FAITH and friendship allowed a San Lorenzo Ruiz scholar to endure college and the demands of an independent life after he lost of both his parents at a young age.

The 22-year-old John Peter Asiño said he could not believe he accomplished such a milestone despite his struggles, especially after the passing of his mother in 2007 due to gallbladder cancer.

“[P]arang doon nag-start ‘yong pagiging independent ko, nine years old pa lang I [needed] to do this for myself,” he told the Varsitarian. “Ito [na] ‘yong bagong buhay na kailangan kong yakapin.”

Due to his mother’s untimely demise, Asiño dedicated most of his time serving at his parish in Biñan where he developed an interest in priesthood. After graduating from high school, he entered the seminary in 2013.

After three years in the seminary in San Pablo, Laguna, he went out and studied philosophy in UST.

Asiño was granted a working scholarship in 2017, assigned 20 hours a week at the Office of Public Affairs.

The day after he got his scholarship, he learned his father passed away due to lung cancer.

Being the youngest, he was left under the care of his seven siblings.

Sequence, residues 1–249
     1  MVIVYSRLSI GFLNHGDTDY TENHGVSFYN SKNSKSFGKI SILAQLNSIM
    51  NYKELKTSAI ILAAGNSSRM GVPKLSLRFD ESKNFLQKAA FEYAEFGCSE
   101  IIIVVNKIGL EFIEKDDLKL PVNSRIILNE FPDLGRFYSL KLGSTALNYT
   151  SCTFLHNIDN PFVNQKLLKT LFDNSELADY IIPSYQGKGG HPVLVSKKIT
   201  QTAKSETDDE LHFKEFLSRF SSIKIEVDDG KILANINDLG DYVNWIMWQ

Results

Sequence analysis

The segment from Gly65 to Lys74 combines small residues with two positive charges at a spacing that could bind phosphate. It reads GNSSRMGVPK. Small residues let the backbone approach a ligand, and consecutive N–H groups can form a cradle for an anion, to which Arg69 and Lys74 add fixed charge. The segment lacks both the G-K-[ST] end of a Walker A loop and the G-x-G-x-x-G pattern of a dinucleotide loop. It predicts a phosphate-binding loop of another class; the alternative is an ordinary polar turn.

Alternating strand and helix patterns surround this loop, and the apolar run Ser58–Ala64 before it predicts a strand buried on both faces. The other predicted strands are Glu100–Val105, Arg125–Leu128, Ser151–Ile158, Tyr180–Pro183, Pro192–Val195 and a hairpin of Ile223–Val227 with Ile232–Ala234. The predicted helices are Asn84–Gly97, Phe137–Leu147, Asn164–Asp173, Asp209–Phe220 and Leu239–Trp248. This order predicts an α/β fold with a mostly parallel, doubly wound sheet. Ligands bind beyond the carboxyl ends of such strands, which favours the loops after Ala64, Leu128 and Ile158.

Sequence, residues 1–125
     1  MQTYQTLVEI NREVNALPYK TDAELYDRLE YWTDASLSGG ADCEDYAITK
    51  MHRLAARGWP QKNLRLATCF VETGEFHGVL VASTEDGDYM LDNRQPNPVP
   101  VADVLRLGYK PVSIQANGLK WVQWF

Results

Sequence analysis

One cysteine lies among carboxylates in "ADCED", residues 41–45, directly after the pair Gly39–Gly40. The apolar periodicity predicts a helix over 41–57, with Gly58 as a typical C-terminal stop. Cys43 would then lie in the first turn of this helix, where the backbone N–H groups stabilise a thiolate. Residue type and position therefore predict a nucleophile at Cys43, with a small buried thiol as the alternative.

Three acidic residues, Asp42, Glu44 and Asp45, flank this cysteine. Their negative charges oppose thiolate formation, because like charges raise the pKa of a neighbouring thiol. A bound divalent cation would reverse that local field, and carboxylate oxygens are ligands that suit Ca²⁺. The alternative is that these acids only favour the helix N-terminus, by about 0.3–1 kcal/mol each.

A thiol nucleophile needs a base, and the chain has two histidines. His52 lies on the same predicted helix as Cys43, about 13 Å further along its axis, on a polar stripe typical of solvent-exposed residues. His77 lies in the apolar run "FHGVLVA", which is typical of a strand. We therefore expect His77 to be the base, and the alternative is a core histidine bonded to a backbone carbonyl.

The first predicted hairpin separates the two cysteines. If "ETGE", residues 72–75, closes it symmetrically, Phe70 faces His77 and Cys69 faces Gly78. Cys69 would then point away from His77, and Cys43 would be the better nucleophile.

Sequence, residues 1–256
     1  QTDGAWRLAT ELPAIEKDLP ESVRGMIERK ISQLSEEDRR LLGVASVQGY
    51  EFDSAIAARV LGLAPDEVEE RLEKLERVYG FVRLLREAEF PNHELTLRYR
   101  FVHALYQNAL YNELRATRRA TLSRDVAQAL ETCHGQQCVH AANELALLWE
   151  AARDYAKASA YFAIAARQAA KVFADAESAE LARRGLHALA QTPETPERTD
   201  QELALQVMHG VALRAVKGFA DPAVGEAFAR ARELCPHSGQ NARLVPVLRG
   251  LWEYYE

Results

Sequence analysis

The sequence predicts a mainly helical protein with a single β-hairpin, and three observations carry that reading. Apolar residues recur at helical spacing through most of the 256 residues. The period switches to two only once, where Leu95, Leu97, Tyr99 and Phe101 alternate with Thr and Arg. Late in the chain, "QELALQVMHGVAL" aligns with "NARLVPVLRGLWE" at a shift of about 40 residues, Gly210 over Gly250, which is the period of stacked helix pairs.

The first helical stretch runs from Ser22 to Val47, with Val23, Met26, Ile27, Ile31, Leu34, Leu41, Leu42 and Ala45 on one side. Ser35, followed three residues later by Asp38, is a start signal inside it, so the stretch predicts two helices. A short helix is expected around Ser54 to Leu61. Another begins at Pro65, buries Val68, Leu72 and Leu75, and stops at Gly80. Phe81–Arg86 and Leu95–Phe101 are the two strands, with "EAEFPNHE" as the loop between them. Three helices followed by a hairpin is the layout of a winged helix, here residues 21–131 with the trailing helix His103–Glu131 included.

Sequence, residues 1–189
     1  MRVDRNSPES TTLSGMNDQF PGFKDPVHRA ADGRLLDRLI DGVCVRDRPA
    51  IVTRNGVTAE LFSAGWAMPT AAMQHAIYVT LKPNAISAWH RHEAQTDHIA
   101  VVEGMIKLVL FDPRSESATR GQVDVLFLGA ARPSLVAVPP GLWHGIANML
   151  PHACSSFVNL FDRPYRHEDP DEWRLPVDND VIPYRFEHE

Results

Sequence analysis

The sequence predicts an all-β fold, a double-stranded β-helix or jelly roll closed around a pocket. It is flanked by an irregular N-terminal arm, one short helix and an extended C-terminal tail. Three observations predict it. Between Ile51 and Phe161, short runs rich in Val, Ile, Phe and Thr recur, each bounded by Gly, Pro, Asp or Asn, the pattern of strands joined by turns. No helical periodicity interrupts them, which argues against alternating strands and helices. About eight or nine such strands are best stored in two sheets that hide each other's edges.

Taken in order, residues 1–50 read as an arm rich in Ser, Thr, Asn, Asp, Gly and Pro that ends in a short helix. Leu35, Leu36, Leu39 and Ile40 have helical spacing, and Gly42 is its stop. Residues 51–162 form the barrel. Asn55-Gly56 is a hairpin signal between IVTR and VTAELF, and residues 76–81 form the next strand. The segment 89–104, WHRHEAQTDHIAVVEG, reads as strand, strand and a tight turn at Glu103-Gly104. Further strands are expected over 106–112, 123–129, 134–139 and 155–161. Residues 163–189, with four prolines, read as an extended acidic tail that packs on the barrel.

“Pagdating ko wala na si tatay tapos ang tahimik na sa bahay. This is another adjustment [at] parang hinintay lang ni tatay na ma-stable ako sa UST, makuha ko ‘yong scholarship,” he said.

Since he did not want to become a burden to his siblings who already had their own families, he strived to maintain his scholarship and used his work allowance to finance his daily expenses.

“Dahil ayoko talaga maging burden sa bahay, sinikapan ko talaga ‘yong scholarship para makuha ko [ito] all throughout hanggang makatapos ako,” he said. “Ayoko na maghingi, ayoko na maging burden sa kanila.”

Asiño admitted he felt like there was something lacking as he grew up without his parents but affirmed that his faith in God, service in the Church and the support from his academic parents, Asst. Prof. Jeric Albela and Assoc. Prof Fleurdeliz Albela and the good relationships he had helped him in overcoming such loss.

“Isang malaking kakulangan sa akin ‘yon na mawalan ng magulang. Wala akong naging takbuhan, wala akong naging sandalan, walang unang dapat makikinig sa mga pinagdaraanan ko sa buhay,” he said.

Asiño juggled all his responsibilities as a working scholar while fulfilling his duties as a member of Becarios de Santo Tomas, Marian Evangelization Community, Chorus of Arts and Letters and as president of the Faculty of Arts and Letters’ Pax Romana.

He remains open to priesthood.

“Hindi ko siya tinatanggal sa options ko kasi nung lumabas ako, kahit ang daming nangyari, hindi ko pa rin siya tinatanggal sa mga plano ko sa buhay ko [so] kapag naramdaman kong ito talaga o meron pa rin vocation––nararamdaman ‘yon––anytime puwede akong bumalik,” he said.


This site uses Akismet to reduce spam. Learn how your comment data is processed.